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Publication numberUS20060047215 A1
Publication typeApplication
Application numberUS 10/931,390
Publication dateMar 2, 2006
Filing dateSep 1, 2004
Priority dateSep 1, 2004
Also published asCA2577751A1, EP1791465A1, WO2006028687A1
Publication number10931390, 931390, US 2006/0047215 A1, US 2006/047215 A1, US 20060047215 A1, US 20060047215A1, US 2006047215 A1, US 2006047215A1, US-A1-20060047215, US-A1-2006047215, US2006/0047215A1, US2006/047215A1, US20060047215 A1, US20060047215A1, US2006047215 A1, US2006047215A1
InventorsRichard Newman, Allan Krauter, James Welch
Original AssigneeWelch Allyn, Inc.
Export CitationBiBTeX, EndNote, RefMan
External Links: USPTO, USPTO Assignment, Espacenet
Combined sensor assembly
US 20060047215 A1
Abstract
A combined sensor assembly used in conjunction with a patient includes at least one electrical sensor that is capable of detecting electrical signals that are indicative of a physiological parameter. The at least one electrical sensor is coupled to the patient by means of an electrically conductive gel material. The sensor assembly further includes at least one acoustic sensor that is coupled to the patient using an acoustically conductive gel material. The conductive gel material used in conjunction with the at least one acoustic sensor and the at least one electrical sensor can be the same or a different material, wherein a transducer of the acoustic sensor and the acoustically conductive gel define an interface region that is essentially devoid of air.
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Claims(26)
1. A combined physiological sensor assembly comprising:
at least one electrical sensor, said at least one electrical sensor being capable of measuring electrical signals representative of a physiological parameter of a patient and coupled thereto by means of an electrically conductive gel material; and
at least one acoustic sensor, each said at least one acoustic sensor being coupled to a patient by means of an acoustically conductive gel material.
2. A combined sensor assembly as recited in claim 1, wherein said at least one sensor measures ECG electrical signals from the heart.
3. A combined sensor assembly as recited in claim 1, wherein the acoustically conductive gel material and the electrically conductive gel material are the same gel material.
4. A combined sensor assembly as recited in claim 1, wherein said at least one acoustic sensor comprises a microphone.
5. A combined sensor assembly as recited in claim 4, wherein said microphone includes a substantially flat piezoelectric transducer.
6. A combined sensor assembly as recited in claim 5, wherein said transducer is disposed in immediate proximity to said acoustically conductive gel material.
7. A combined sensor assembly as recited in claim 1, wherein said assembly includes a covering, said at least one electrical sensor and said at least one acoustic sensor being disposed within said covering.
8. A combined sensor assembly as recited in claim 7, wherein said covering is made from a highly flexible material.
9. A combined sensor assembly as recited in claim 1, wherein at least a portion of said assembly is disposable.
10. A combined sensor assembly as recited in claim 1, including at least one of a wired and a wireless transceiver for transmitting signals between at least one of said at least one electrical sensor and said at least one acoustic sensor and at least one separate station.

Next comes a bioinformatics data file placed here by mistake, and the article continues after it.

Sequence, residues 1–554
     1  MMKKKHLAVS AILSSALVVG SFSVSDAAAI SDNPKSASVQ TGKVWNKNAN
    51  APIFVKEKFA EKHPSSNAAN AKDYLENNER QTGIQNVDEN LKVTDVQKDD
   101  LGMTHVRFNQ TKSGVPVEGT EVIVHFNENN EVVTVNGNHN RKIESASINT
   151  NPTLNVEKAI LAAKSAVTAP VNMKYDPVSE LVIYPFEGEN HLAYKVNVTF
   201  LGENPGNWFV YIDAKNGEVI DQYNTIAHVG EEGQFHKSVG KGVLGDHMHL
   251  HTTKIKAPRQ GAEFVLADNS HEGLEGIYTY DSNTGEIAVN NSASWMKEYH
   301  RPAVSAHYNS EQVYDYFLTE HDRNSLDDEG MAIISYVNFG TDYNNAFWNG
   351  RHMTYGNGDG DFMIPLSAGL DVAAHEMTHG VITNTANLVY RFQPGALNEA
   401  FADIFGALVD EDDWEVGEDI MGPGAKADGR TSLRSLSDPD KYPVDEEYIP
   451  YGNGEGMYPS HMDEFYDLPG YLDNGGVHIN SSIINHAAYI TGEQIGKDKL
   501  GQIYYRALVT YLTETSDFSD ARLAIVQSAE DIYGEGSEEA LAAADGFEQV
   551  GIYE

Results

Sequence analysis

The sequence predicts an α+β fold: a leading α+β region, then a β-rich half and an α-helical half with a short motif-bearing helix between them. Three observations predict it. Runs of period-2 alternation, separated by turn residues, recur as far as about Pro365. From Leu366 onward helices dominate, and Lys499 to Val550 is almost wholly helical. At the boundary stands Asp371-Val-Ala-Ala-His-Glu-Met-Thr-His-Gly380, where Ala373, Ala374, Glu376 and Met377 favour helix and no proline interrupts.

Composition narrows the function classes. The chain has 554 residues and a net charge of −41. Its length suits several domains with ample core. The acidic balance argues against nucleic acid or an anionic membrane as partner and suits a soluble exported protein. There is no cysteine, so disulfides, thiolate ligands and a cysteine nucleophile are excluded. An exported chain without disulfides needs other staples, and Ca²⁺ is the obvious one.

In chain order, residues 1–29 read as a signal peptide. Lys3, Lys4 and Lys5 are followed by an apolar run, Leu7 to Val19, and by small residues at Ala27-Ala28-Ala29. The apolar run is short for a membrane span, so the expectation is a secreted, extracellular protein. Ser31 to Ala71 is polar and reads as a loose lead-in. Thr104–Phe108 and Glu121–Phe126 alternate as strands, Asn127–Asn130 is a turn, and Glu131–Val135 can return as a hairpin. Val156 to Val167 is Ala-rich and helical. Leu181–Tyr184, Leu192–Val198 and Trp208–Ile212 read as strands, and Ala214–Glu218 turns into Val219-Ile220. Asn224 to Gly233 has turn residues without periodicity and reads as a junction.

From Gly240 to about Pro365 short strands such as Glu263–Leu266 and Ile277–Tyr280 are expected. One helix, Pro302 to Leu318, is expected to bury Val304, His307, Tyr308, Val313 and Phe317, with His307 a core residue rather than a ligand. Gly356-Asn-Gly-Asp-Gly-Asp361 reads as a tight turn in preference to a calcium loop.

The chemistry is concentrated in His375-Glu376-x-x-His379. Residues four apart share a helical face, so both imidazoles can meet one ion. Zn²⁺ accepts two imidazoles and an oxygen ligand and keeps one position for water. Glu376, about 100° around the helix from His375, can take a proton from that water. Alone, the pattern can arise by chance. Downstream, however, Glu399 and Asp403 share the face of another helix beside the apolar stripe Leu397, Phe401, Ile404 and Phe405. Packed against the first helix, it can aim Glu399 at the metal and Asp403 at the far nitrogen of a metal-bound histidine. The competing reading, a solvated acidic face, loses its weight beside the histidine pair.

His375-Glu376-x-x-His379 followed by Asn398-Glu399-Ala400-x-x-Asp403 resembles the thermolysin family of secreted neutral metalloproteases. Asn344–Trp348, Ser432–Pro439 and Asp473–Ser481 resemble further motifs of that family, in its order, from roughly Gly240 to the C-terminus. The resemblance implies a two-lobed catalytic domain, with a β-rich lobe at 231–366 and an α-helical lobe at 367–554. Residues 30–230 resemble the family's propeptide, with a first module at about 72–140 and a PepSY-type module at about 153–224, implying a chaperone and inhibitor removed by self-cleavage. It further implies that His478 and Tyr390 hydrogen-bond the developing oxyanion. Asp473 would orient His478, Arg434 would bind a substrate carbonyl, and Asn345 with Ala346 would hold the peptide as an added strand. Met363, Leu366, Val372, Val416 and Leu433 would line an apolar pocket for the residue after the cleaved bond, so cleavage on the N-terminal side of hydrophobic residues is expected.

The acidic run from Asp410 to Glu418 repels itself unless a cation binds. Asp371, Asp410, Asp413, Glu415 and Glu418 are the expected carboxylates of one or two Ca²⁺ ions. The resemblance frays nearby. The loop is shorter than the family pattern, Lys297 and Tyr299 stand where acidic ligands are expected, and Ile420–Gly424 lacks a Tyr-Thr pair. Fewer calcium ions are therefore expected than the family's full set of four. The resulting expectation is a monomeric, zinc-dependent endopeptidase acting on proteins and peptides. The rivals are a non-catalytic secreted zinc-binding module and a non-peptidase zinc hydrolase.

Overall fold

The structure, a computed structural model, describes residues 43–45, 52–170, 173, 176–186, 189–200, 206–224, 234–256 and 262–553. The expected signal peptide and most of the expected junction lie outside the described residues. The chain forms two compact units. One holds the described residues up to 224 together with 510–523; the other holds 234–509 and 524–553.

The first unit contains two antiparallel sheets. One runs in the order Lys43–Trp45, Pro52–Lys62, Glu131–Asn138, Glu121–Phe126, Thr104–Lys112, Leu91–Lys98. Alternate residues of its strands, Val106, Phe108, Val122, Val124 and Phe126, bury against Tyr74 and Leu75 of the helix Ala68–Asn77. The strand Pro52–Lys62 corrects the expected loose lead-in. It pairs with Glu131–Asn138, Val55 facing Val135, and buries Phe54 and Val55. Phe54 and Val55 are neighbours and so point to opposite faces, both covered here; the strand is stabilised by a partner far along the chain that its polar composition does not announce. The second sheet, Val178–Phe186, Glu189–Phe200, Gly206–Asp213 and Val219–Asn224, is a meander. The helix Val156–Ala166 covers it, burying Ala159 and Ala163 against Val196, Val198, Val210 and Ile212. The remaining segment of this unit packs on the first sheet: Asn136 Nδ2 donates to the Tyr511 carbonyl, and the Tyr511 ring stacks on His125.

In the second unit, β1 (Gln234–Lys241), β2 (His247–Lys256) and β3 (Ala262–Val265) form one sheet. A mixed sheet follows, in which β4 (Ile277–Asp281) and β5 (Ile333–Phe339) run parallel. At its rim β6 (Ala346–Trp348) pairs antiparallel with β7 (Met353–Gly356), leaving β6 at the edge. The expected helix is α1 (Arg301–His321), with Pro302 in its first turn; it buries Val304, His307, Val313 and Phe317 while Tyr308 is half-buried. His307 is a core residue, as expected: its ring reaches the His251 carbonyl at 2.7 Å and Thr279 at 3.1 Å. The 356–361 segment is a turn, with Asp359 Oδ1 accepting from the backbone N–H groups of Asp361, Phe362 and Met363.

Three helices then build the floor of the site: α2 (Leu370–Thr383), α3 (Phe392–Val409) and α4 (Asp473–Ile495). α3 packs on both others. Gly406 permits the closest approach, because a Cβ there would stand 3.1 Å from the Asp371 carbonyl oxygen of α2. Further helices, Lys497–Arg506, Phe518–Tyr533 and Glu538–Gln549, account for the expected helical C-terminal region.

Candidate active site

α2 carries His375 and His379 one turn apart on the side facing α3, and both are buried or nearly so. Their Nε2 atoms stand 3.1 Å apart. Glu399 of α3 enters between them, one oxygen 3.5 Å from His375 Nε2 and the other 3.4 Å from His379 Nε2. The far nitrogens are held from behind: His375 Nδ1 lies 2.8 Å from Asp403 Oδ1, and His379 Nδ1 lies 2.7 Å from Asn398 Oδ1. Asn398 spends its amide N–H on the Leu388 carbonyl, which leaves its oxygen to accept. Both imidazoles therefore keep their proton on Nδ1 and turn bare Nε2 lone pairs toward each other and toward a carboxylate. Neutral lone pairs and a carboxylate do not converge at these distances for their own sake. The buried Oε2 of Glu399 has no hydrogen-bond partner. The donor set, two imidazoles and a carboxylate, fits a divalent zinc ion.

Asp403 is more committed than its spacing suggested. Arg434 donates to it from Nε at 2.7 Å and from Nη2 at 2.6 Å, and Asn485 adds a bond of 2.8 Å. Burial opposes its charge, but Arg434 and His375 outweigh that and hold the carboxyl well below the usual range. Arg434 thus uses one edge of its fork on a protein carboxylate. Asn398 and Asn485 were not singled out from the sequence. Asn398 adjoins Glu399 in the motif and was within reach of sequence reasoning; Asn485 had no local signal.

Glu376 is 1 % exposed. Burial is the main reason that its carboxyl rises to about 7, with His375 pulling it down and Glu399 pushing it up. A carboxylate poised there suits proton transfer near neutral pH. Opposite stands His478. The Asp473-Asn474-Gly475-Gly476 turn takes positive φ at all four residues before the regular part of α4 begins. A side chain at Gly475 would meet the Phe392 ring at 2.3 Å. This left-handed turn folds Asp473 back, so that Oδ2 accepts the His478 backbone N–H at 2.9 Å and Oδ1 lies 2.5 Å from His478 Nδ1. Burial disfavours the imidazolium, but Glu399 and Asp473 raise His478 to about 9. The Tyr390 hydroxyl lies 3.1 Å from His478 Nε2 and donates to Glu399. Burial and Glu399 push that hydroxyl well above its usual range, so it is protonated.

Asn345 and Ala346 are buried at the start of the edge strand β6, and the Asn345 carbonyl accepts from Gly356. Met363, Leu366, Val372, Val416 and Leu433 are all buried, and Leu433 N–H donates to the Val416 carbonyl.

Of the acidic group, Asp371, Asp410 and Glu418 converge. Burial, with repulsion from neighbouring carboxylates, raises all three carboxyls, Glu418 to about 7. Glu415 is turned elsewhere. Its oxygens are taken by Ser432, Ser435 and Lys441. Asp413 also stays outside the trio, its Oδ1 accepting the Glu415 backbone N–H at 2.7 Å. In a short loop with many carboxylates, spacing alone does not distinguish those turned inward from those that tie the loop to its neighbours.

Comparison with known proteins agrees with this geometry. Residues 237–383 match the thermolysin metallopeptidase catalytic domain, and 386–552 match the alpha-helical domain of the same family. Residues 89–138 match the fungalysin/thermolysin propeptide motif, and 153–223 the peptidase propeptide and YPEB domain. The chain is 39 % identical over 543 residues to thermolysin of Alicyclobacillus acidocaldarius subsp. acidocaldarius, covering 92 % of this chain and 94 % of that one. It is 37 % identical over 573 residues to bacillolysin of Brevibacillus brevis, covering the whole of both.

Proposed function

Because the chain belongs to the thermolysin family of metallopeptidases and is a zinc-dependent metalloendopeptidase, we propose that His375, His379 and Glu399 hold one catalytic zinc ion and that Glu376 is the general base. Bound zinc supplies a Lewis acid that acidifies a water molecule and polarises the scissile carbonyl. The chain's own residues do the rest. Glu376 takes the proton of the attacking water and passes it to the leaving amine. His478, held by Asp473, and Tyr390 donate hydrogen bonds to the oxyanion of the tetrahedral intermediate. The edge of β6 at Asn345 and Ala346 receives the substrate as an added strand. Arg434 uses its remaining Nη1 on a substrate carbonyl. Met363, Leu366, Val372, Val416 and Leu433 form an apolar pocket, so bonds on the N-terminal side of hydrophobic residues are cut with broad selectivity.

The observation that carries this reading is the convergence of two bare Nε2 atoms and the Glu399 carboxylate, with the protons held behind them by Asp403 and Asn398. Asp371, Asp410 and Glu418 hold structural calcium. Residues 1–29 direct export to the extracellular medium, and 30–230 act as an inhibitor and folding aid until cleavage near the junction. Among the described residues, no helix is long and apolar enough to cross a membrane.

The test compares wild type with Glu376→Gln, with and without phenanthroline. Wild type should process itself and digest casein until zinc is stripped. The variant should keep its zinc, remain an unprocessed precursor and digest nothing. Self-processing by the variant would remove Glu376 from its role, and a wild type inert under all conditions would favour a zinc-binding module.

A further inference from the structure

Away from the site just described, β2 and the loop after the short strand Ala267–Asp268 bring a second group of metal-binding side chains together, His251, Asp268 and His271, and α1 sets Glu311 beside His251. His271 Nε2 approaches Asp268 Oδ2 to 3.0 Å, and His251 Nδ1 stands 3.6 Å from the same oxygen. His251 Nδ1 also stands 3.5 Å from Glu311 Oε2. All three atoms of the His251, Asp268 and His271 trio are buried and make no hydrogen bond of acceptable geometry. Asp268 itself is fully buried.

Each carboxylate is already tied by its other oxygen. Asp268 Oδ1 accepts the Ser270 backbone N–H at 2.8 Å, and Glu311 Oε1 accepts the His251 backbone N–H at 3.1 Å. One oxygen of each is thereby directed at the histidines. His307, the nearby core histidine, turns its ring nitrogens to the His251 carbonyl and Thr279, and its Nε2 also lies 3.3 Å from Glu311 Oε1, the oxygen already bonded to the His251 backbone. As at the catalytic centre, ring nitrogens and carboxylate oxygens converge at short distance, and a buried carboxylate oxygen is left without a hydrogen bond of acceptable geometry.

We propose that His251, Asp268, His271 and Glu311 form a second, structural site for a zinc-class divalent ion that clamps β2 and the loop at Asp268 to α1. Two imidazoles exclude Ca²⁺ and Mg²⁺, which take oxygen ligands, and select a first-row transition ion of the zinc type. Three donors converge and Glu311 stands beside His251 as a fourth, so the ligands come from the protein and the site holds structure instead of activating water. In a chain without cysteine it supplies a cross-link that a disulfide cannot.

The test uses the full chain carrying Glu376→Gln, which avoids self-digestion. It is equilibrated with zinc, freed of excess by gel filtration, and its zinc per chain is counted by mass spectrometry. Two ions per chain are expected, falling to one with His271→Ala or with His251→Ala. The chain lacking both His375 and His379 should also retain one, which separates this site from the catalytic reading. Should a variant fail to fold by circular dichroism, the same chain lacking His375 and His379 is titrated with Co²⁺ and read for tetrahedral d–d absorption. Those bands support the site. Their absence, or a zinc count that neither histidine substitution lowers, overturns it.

11. A combined sensor assembly as recited in claim 4, including at least one of a wired and a wireless transceiver for transmitting signals between at least one of said at least one electrical sensor and said microphone and at least one separate station.
12. A combined sensor assembly as recited in claim 1, wherein said acoustically conductive gel material is different than the electrically conductive gel material.
13. A combined sensor assembly as recited in claim 1, including at least two electrical sensors, said at least two sensors being spaced from one another.
14. A combined sensor assembly as recited in claim 1, including at least one other physiological parameter measuring sensor.
15. A combined sensor assembly as recited in claim 14, wherein said at least one other physiological sensor does not utilize electrical or acoustic signal input.
16. A combined sensor assembly as recited in claim 1, wherein said at least one acoustic sensor includes a transducer that is directly coupled to said acoustically conductive gel material without air therebetween.
17. A combined sensor assembly as recited in claim 6, wherein said transducer, said acoustically conductive gel material and the skin of the patient defines an interface region, said interface region being essentially devoid of air.
18. A method for monitoring a patient, said method comprising:
disposing at least one electrical sensor capable of measuring electrical signals representative of a physiological parameter of a patient coupling said at least one electrical sensor to said patient using an electrically conductive gel material;
disposing at least one acoustic sensor in relation to said at least one electrical sensor; and
coupling said at least one acoustic sensor to said patient using an acoustically conductive gel material.
19. A method as recited in claim 18, wherein said acoustically conductive gel material and said electrically conductive gel material is the same gel material.
20. A method as recited in claim 18, wherein said acoustically conductive gel material and said electrically conductive gel material is a different gel material.
21. A method as recited in claim 18, wherein said at least one acoustic sensor includes a planar transducer, said transducer being placed in relation to said acoustically conductive gel material without an air buffer therebetween.